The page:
Workings: The mine has two groups of workings. The main workings consist of two glory holes, 3 adits, several open cuts, and a few trenches. The north workings, about a quarter of a mile northwest of the main workings, consist of a glory hole, two adits, and numerous pits and trenches. The detailed geology of the mine and locations of the numerous workings are shown on plate 23 of Warner and others (1961) and in Myers (1985). Development began in 1907 and the first shipment of copper ore was in 1908. Except for two years, the mine produced steadily until 1918, principally by Granby Consolidated Mining, Smelting, and Power Company.
Age: The deposit formed in a Silurian or Ordovician, submarine arc-related environment characterized by the deposition of volcanic and sedimentary rocks, the intrusion of swarms of dikes of diverse composition, and the emplacement of several large plutons.
Alteration: Development of calc-silicate skarn.
Production: About $1,000,000 in copper was produced. Maas and others (1995) give the total production as 2,030 tons of copper, 28,970 ounces of silver, and 4,372 ounces of gold.
Reserves: Probably none left. Granby Mining, Smelting, and Power Company reportedly mined out the deposit by 1919 and was unsuccessful in finding any additional ore bodies despite extensive diamond drilling.

Commodities (Major) - Ag, Au, Cu
Development Status: Yes; medium
Deposit Model: Cu-Fe skarn (Cox and Singer, 1986; model 18d).

Mineral List

Calcite
Chalcopyrite
Epidote
'Garnet'
Magnetite
'Pyroxene Group'
Quartz


7 entries listed. 5 valid minerals.

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References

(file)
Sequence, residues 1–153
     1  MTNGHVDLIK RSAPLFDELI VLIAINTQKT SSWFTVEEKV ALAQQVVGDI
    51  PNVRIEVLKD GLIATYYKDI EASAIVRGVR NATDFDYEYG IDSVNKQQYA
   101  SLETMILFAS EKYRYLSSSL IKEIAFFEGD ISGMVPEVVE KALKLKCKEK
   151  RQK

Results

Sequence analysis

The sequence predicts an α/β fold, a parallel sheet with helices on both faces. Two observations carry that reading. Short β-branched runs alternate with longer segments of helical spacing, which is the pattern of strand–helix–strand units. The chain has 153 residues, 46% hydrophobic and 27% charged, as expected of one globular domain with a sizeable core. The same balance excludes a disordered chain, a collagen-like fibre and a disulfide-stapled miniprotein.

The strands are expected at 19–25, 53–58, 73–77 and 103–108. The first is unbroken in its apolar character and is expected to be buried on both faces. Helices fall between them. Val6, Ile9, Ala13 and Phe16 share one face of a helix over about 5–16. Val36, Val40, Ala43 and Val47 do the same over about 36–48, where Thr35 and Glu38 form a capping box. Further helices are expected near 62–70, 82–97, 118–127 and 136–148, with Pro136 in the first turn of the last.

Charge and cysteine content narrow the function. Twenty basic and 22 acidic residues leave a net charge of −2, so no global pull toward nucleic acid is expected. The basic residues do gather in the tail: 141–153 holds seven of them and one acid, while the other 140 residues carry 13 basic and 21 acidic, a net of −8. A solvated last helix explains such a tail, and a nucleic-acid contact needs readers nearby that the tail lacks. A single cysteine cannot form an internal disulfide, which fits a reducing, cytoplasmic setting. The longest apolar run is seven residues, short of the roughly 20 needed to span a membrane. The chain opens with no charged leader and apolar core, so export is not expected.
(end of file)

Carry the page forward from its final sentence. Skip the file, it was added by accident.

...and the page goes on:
Bond, R.W., 1993; The mineralogy and geochemistry of the Kasaan Peninsula, iron-copper-silver-gold skarns, Prince of Wales Island, southeastern Alaska: Salt Lake City, University of Utah, M.Sc. thesis, 130 p. Brew, D.A., 1996, Geologic map of the Craig, Dixon Entrance, and parts of the Ketchikan and Prince Rupert quadrangles, southeastern Alaska: U.S. Geological Survey Miscellaneous Field Studies Map MF-2319, 53 p., 1 sheet, scale 1:250,000. Brooks, A.H., 1910, Mineral resources of Alaska, report on progress of investigations in 1909: U.S. Geological Survey Bulletin 442, 426 p. Brooks, A.H., 1912, The mining industry in 1911, in Brooks, A.H., and others, Mineral resources of Alaska, report on progress of investigations in 1911: U.S. Geological Survey Bulletin 520-A, p. 17-44. Brooks, A.H., 1913, The mining industry in 1912: U.S. Geological Survey Bulletin 542-A, p. 18-51. Brooks, A.H., 1915, Mineral resources of Alaska; report on progress of investigations in 1914: U.S. Geological Survey Bulletin 622, 380 p. Brooks, A.H., 1921, The future of Alaska mining, in Martin, G.C., and others, Mineral resources of Alaska, 1917: U.S. Geological Survey Bulletin 714-A, p. 5-57. Buddington, A.F., and Chapin, Theodore, 1929, Geology and mineral deposits of southeastern Alaska: U.S. Geological Survey Bulletin 800, 398 p. Bufvers, John, 1967, History of mines and prospects, Ketchikan district, prior to 1952: Alaska Division of Mines and Minerals Special Report 1, 32 p. Chapin, Theodore, 1916, Mining developments in southeastern Alaska: U.S. Geological Survey Bulletin 642-B, p. 73-104. Chapin, Theodore, 1918, Mining developments in the Ketchikan and Wrangell mining districts: U.S. Geological Survey Bulletin 662-B, p. 63-75. Chapin, Theodore, 1919, A molybdenite lode on Healy River: U.S. Geological Survey Bulletin 692, p. 329. Cobb, E. H., 1978, Summary of references to mineral occurrences (other than mineral fuels and construction materials) in the Craig quadrangle, Alaska: U.S. Geological Survey Open-File Report 78-869, 262 p. Eberlein, G.D., Churkin, Michael, Jr., Carter, Claire, Berg, H.C., and Ovenshine, A. T., 1983, Geology of the Craig quadrangle, Alaska: U.S. Geological Survey Open-File Report 83-91, 52 p. Hedderly-Smith, D.A., 1999, Inventory of metallic mineral prospects, showings and anomalies on Sealaska lands, 1988 through 1998: Sealaska Corporation, Juneau, Alaska, 217 p. (internal report held by Sealaska Corporation, Juneau, Alaska). Knopf, Adolph, 1910, Mining in southeastern Alaska: U.S. Geological Survey Bulletin 442-C, p. 133-143. Knopf, Adolph, 1911, Mining in southeastern Alaska: U.S. Geological Survey Bulletin 480-D, p. 94-102. Maas, K.M., Bittenbender, P E., and Still, J.C., 1995, Mineral investigations in the Ketchikan mining district, southeastern Alaska: U.S. Bureau of Mines Open-File Report 11-95, 606 p. Maas, K.M., Still, J. C., and Bittenbender, P. E., 1992, Mineral investigations in the Ketchikan mining district, Alaska, 1991 - Prince of Wales Island and vicinity: U.S. Bureau of Mines Open-File Report 81-92, 69 p. Martin, G.C., 1919, Alaska Mining Industry in 1917: U.S. Geological Survey Bulletin 692-A, p. 11-42. Martin, G.C., 1920, The Alaska mining industry in 1918: U.S. Geological Survey Bulletin 712-A, p. 1-52. Myers, G.L., 1985, Geology and geochemistry of the iron-copper-gold skarns of Kasaan Peninsula, Alaska: Fairbanks, University of Alaska, M.Sc. thesis, 165 p. Roppel, Patricia, 1991, Fortunes from the earth: Manhattan, Kansas, Sunflower University Press, 139 p. Smith, S.S., 1917, The mining industry in the Territory of Alaska during the calendar year 1915: U.S. Bureau of Mines Bulletin 142, 65 p. Smith, S.S., 1917, The mining industry in the Territory of Alaska during the calendar year 1916: U.S. Bureau of Mines Bulletin 153, 89 p. Warner, L.A., Goddard, E.N., and others, 1961, Iron and copper deposits of Kasaan Peninsula, Prince of Wales Island, southeastern Alaska: U.S. Geological Survey Bulletin 1090, 136 p. Wright, C.W., 1909, Mining in southeastern Alaska: U.S. Geological Survey Bulletin 379-B, p. 67-86. Wright, C.W., 1915, Geology and ore deposits of Copper Mountain and Kasaan Peninsula, Alaska: U.S. Geological Survey Professional Paper 87, 110 p. Wright, C.W., and Paige, Sidney, 1908, Copper deposits on Kasaan Peninsula, Prince of Wales Island: U.S. Geological Survey Bulletin 345, p. 98-115. Wright, F.E., and Wright, C.W., 1908, The Ketchikan and Wrangell mining districts, Alaska: U.S. Geological Survey Bulletin 347, 210 p.